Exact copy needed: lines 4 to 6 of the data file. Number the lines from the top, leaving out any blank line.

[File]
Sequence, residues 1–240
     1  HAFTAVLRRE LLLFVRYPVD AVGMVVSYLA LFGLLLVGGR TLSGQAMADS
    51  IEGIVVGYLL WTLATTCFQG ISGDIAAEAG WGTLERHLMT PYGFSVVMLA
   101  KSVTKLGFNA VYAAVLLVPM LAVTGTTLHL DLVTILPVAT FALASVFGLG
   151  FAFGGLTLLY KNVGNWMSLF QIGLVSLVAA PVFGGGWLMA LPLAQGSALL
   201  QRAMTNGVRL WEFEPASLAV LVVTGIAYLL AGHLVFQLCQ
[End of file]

   101  KSVTKLGFNA VYAAVLLVPM LAVTGTTLHL DLVTILPVAT FALASVFGLG
   151  FAFGGLTLLY KNVGNWMSLF QIGLVSLVAA PVFGGGWLMA LPLAQGSALL
   201  QRAMTNGVRL WEFEPASLAV LVVTGIAYLL AGHLVFQLCQ